The Feminist Mystique and Mass Media:
Implications for the Second Wave
In 1962, the editor-in-chief of the New York publishing house, the Norton
Company, was skimming Harper's magazine in a routine trolling for possible
Norton writers. What caught George Brockway's eye was an article predicting the
consequences of a meltdown of the arctic ice cap--not such an odd subject for a
nation in expectation of nuclear meltdown. "The piece was well organized and
well written," he recalled. "I thought Betty might have a book in her, although
perhaps not on this particular subject. So I wrote her."
What later arrived on Brockway's desk was the prospectus for Betty's Friedan's
The Feminine Mystique, initially titled, "The Togetherness Woman." "I fell in
love with in at once," Brockway recalled. " The title, of course, traded on The
Organization Man, which then was, or had recently been, a best seller; and one
of the women's magazines had been running an ad campaign about the Togetherness
Woman" (Brockway 1996).
The welcome Norton gave the prospectus illustrated the company's effort to
replicate the success of the mass media women's magazines in reaching the women
who had settled in the suburbs following the post-war building boom and a
market, except for cook books, largely untapped by major book publishers.
Doubleday Company was on the same track, having hired a longtime magazine
editor, Margaret Cousins, to find that mode of entry (Bradley 1995). Norton's
welcome to Friedan's idea was thus not a revolutionary matter. Here was an idea
that was actually about the very market to whom Norton sought to sell. "I don't
remember anything extraordinary or important that I did," Brockway said. "Betty
knew what she wanted to say, and she said it well" (Brockway 1996).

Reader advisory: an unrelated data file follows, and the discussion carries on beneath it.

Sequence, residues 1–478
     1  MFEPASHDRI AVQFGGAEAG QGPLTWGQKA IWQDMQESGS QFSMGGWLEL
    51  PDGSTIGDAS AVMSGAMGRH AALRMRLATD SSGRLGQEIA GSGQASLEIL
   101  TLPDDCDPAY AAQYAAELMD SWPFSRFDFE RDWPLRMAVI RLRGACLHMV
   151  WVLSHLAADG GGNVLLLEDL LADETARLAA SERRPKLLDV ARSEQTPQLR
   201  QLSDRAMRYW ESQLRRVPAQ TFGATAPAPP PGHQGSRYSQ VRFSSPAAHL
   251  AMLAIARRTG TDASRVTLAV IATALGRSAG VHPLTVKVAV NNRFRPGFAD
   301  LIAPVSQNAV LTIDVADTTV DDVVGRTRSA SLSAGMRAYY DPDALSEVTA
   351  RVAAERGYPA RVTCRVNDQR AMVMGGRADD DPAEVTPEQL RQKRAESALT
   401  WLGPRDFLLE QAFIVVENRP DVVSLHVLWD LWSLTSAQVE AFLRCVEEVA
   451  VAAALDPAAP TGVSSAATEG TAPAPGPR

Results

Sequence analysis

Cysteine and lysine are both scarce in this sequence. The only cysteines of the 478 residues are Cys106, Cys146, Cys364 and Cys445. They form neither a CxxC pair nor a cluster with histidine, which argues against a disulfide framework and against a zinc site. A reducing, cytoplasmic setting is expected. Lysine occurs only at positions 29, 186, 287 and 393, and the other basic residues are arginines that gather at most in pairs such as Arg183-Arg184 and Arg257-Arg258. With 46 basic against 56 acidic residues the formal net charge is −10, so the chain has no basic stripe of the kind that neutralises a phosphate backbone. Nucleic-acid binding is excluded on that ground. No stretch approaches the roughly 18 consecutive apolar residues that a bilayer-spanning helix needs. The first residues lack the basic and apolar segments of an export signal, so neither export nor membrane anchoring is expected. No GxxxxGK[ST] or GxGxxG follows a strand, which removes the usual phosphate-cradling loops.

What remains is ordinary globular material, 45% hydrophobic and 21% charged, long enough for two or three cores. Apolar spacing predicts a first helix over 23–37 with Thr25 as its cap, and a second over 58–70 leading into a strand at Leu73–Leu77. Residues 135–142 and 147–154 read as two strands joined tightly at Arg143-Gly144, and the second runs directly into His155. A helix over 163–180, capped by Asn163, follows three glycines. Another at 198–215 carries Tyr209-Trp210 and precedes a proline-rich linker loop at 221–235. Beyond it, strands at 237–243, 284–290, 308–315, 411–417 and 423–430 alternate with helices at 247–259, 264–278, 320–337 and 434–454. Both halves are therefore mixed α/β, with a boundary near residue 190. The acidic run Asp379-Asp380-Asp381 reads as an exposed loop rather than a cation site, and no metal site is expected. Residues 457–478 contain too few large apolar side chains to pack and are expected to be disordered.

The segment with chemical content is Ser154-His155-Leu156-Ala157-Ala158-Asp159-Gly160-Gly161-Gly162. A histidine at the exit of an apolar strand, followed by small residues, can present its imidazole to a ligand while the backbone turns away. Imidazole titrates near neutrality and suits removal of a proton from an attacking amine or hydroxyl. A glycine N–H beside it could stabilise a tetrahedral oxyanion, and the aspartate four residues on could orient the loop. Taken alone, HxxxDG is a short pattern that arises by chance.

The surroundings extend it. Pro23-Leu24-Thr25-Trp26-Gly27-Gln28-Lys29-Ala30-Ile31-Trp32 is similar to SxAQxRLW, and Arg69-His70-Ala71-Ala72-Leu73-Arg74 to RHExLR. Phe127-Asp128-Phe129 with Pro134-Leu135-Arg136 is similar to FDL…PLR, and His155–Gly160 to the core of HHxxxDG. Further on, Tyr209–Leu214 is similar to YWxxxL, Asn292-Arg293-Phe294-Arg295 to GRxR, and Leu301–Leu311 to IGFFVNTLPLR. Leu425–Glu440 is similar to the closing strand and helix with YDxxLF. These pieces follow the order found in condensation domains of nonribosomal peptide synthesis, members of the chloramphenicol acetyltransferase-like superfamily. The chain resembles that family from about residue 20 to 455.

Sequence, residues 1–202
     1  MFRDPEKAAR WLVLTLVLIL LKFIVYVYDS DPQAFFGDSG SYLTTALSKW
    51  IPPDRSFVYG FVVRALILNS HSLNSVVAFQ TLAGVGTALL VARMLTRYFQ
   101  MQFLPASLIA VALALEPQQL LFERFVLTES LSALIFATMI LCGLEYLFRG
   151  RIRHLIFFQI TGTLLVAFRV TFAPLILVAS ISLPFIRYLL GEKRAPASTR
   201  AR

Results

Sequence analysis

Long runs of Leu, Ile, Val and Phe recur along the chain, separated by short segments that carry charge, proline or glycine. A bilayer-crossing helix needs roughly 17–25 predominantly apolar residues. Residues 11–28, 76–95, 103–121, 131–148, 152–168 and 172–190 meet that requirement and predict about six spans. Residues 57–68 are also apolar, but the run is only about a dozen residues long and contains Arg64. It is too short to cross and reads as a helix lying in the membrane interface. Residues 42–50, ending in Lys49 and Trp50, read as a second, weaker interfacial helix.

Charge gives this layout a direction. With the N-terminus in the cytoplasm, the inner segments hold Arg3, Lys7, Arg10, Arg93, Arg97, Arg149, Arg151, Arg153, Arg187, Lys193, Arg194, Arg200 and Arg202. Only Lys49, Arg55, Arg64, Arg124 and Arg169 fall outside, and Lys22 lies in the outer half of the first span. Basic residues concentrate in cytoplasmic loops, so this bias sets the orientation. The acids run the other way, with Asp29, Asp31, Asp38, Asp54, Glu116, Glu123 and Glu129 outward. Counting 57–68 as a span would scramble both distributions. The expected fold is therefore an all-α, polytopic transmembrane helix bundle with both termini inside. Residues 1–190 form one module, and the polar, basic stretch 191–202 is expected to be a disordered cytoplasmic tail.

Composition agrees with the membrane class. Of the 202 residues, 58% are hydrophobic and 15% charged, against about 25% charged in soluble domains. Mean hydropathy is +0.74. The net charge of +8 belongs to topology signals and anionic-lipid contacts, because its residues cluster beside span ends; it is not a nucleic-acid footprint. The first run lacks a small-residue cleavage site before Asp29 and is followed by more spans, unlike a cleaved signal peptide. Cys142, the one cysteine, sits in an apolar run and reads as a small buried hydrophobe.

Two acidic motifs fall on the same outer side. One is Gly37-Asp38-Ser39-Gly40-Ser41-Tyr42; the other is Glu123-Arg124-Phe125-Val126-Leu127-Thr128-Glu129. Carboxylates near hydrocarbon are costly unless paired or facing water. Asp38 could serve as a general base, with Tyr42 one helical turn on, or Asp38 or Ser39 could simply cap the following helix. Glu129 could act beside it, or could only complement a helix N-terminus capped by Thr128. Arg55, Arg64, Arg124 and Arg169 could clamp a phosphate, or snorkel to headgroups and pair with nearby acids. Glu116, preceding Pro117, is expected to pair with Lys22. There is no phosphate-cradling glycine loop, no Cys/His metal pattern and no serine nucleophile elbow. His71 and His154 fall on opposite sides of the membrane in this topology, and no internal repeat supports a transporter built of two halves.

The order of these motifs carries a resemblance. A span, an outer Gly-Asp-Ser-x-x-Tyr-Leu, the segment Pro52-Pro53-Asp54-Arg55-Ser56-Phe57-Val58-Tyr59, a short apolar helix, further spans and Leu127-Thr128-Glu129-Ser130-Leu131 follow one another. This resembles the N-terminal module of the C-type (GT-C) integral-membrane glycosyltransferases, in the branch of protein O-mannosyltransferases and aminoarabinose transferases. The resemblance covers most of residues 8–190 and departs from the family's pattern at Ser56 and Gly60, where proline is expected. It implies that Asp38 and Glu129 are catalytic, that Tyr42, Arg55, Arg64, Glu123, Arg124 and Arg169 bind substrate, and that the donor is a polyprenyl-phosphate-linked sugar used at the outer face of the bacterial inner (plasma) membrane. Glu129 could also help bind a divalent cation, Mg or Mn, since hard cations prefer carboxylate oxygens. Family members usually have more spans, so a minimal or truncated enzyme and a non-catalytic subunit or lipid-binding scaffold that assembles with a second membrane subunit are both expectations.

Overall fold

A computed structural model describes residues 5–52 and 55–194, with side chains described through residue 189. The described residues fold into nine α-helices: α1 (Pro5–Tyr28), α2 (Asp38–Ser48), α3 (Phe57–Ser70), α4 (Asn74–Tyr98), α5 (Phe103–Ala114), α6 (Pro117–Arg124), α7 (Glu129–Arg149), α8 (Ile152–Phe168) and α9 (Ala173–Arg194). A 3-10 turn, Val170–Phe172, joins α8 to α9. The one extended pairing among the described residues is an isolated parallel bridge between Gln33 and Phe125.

The Feminist Mystique sold well in hardcover, 70,000 copies by 1970, but
achieved best-seller status when it moved to paperback sale--1.5 million copies
by the end of the decade. The quick publication of the book in paperback also
represented the intersection of the book with changes in the paperback market.
No publishing house was more involved in the paperback revolution than Friedan's
paperback publisher, Dell, which had begun as a house publishing standard
romance, mysteries, westerns and comic books, but like other houses was finding
new profits in subjects that had once been in the purview of hardback houses.
This was no rush into academic publishing. Dell titles were "carefully edited
to make exciting and understandable presentations that would interest the
average readers" (Lyles 1983: 20). Friedan's book easily met this standard.
Nonetheless, the book was primarily selected, according to editor Don Fine,
because of pressure "from every woman in my office." At Dell, "every women in
the office" carried some weight; the women included Arlene Donovan, former
receptionist who had risen to be editor of Dell's First Editions, Marcia
Nassatir, assistant editor at Del Books, and, most formidably, the company's
chief executive officer, Helen Meyer, once a file clerk herself but by this time
the powerful, imperious and demanding chief executive officer who was exerting
new control over Dell's paperback roster. Under Meyer, Dell paperbacks had
already broken new ground in publishing books by women who were not shy about
writing about women's sexuality, as in Francois Sagan's A Certain Smile, and
conclusively demonstrated by the nine-million-book bestseller, Peyton Place.